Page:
Just a kid from Porirua
Don Tricker is one of the finest coaches to come from Porirua and is current New Zealand Rugby Union high performance manager. He spoke to Kris Dando about growing up in Porirua and his golden run with the Black Sox.
So you’re Porirua born and bred?
I was born in Elsdon, grew up on Champion St, went to Cannons Creek School, Brandon Intermediate and Porirua College. I live in Papakowhai now. Growing up was extremely uncomplicated, playing sport, going to school and spending time with friends. My absolute best friends today are guys from Porirua College, even though we’re a diverse group.
Was softball always your game?
My grandfather was Buck Laws, who helped bring the game to Wellington and was a leading umpire in the early days. I played football and rugby briefly, but in Porirua in summer it was softball or athletics. It matched the demographics.
How was the coaching in your early years?
There were two coaches who made a big impact on the way I later thought as a coach. Neil Tuffrey — we used to call him Mr Tuff – and Phil Reeves, who everyone called Haggis. People in Porirua would know those names well. Mr Tuff brought a group of us kids all the way up until we were 15 and taught us some amazing life lessons, especially the value of being part of a team. Haggis coached me in the years when softball got hard, when I was playing adults – he taught us about having class in victory or defeat, and that, to me, is very important in sport. Sport is about making lifelong friendships and learning about yourself.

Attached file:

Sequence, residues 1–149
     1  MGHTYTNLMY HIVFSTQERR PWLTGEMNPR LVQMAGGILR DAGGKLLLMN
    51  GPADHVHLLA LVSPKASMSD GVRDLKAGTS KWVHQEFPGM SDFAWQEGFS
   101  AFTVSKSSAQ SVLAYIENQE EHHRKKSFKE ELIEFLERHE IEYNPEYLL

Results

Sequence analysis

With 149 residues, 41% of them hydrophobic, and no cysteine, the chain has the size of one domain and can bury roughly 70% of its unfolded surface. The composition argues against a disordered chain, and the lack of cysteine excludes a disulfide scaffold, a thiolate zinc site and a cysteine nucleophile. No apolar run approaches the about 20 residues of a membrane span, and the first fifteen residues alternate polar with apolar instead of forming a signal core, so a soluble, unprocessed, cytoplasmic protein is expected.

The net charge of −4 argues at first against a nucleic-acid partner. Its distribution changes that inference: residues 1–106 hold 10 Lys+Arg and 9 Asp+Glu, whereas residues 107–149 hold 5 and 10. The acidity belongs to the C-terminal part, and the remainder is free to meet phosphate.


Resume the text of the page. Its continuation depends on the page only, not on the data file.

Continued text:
Was it hard to move from Porirua to play for Poneke-Kilbirnie, at 22?
Porirua was my home town, but I needed a change. I’m grateful to PK because it was there that things started to happen [ regional and national titles] that helped me get into the national side.
How did it feel to make the New Zealand side in 1986?
I was 26 when I was called up. It was a great time to be involved in softball because the regional and national scene was thriving. Games were televised and there was huge community support for the sport. It was a great feeling to represent your country. My highlight in the national team [ 1986- 91] was the 1988 World Series, when we won silver. We lost to the US and it was bitterly disappointing, even though the US had an amazing team.
How did you become involved in coaching?
I really got into coaching with Poneke-Kilbirnie in 1996. I did that for a while [winning regional and national titles in 1997-98] and New Zealand came calling. It wasn’t easy going in there because I was coaching very good friends. Relationships had to change.
What sort of Black Sox team did you inherit in 1998?
Mike Walsh had laid an outstanding platform and there were players like Mark Sorenson, Dean Rice and Kere Johanson. For me, it was about understanding the bigger picture – creating an environment that people wanted to be in and being flexible enough to cater for anything that happened. I was lucky I had a group of players who were incredibly talented and wanted to maximise their potential.
Did you have a particular coaching philosophy that you tried to instil?
My focus was understanding the needs of the players. The risk that I always considered was that if you begin to leverage your own experiences on players, you can run into trouble. I wanted to raise their awareness of their own performances and transfer responsibilities to each player – if you get these two things right, they can deliver under pressure. The culture we had was built on integrity and respect – for each other and the team.